Among the best groups that went back were the crew of the U.S.S. Mason. They were the only African-American sailors to take a warship into combat and when I was doing my research about Derry as a Navy base, I found newspaper articles where they said the first time they were ever treated as Americans was in Northern Ireland. And so, they told their story. That became its own documentary called Proudly We Served, and then a feature film starring Stephen Rea and Ossie Davis called ‘Proud’. They came back and just to top things off, they met Queen Elizabeth. So, I feel like we have a skit that is done in the States about baseball’s been very good to me. Well, I figure Northern Ireland and its connections to the U.S. Forces has been very good to me. Great adventures.
You have certainly done a lot for those veterans and for the people of Northern Ireland in educating us all on these things. We’ll come back just briefly to a couple of the characters that you mentioned there but we are going to be putting this podcast out on the 26th January so could you take us back 80 years and just set the scene in Belfast. What happened on that day when Private First Class Milburn Henke stepped ashore in Belfast.
Mary Pat: 13:17
Well, first of all, as I said, until Pearl Harbour, there was a great deal of opposition to the U.S. entering into World War Two so then came Pearl Harbour and the initial feeling was there was always a debate about do we go for the Japanese, do we go for the Nazis? But Britain and Northern Ireland had been at war, you know, already for 3 years and things were getting very difficult. So, the idea was OK we’ll start in Europe but we’ll start… Northern Ireland would be a good jumping-off place. It would be a place to train. It would be fairly safe. It was far enough from Germany that they couldn’t easily bomb. Although, as you know, there were two or three raids. However, they felt it was fairly safe.
Now, crossing the Atlantic, crossing the North Atlantic was very difficult because the U-Boats really controlled the North Atlantic. They were sinking a ship, you know, every ten minutes – huge amounts of tons. There was a blockade of Britain and it was impossible to get across. And that’s when they decided to do the escorts. So you’ve gotta imagine, OK, ten thousand men in this troopship headed for Northern Ireland, crossing the North Atlantic, a sitting duck for the U-Boats with these little D.E.s kind of scurrying along. There’s a wonderful book that was a movie called The Good Shepherd because the British Navy had D.E.s also. So, kind of shepherding these ships across. You can imagine the relief when they arrived in Belfast and the reception they got… There’s great pictures of the shipyard workers greeting them.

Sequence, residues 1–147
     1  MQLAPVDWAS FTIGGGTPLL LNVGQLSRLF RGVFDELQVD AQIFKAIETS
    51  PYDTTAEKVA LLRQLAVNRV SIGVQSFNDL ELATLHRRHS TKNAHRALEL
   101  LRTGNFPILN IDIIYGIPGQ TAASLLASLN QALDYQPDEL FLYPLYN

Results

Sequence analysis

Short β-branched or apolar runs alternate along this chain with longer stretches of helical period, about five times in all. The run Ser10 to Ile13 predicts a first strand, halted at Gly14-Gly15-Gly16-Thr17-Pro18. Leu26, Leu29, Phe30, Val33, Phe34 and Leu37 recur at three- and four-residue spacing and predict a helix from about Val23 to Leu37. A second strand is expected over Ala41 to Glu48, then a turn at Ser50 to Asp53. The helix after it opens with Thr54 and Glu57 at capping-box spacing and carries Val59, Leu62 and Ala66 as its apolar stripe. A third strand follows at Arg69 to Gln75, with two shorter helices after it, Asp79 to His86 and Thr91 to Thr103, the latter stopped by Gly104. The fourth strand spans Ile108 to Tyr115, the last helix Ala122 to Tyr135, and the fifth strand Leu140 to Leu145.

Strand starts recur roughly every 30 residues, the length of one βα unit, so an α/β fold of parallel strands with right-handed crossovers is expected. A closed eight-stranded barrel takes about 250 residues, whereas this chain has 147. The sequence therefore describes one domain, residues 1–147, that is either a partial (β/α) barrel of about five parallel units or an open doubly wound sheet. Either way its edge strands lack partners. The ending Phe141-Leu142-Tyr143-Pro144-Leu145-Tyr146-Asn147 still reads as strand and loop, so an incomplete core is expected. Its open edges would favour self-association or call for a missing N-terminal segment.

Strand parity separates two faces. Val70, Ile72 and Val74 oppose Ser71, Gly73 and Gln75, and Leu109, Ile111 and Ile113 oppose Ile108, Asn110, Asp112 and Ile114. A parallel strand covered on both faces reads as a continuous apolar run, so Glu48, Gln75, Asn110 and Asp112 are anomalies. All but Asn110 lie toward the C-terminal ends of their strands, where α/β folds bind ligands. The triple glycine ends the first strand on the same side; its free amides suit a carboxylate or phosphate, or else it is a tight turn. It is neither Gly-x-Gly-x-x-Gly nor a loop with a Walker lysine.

I mean the reason why I called the documentary Home Away From Home was that every single veteran I talked to, talked about how warm and welcoming the people were. However, that doesn’t take away from how important it was historically, and at that moment, I mean, it looked like the Nazis were going to win. It looked like, things were very bleak. We had a wonderful service in Carrickfergus and it’s in the documentary, and the pastor gave a beautiful sermon talking about how nervous and how afraid people were and here came the Americans and it was kind of a beacon of hope and connections. And so many of the people that came had relatives north and south of the border, and they made connections. In the documentary, I use A Letter From Ulster, which was made contemporaneously, of these two Americans in a jeep driving around Northern Ireland. And, I drove Ian Henderson crazy with this but the number one song on the Hit Parade was Johnny Doughboy Found A Rose In Ireland. Kate Smith, but there were many, many. It was all about how he found a girl that the blarney in her voice took him back and reminded him of his mother.
Johnny Doughboy found a rose in Ireland. Sure the fairest flower that Erin ever grew.
Mary Pat: 16:40
It was like these connections that had been severed a century before were now being reconnected. And then the training began and that was the Rangers, the first Commando unit, and there were all kinds of training and a lot of getting ready because they felt they were going to invade Europe right away. The invasion of North Africa went from Northern Ireland, and then of course it all came together on D-Day but we’re a little ahead of ourselves now. We just have to imagine these troopships pulling up to Belfast and coming off and being greeted by pipes and cheers, and there was a feeling that, OK, we’re together now, and we’re gonna win.
And officially, the first GI to step ashore was Milburn Henke. That’s not strictly true because quite a few GIs had already disembarked from another ship and were there on the quayside to greet him. But he was chosen as, let’s call it, the poster boy, the media-friendly smiling face of the American GI.
Mary Pat: 17:49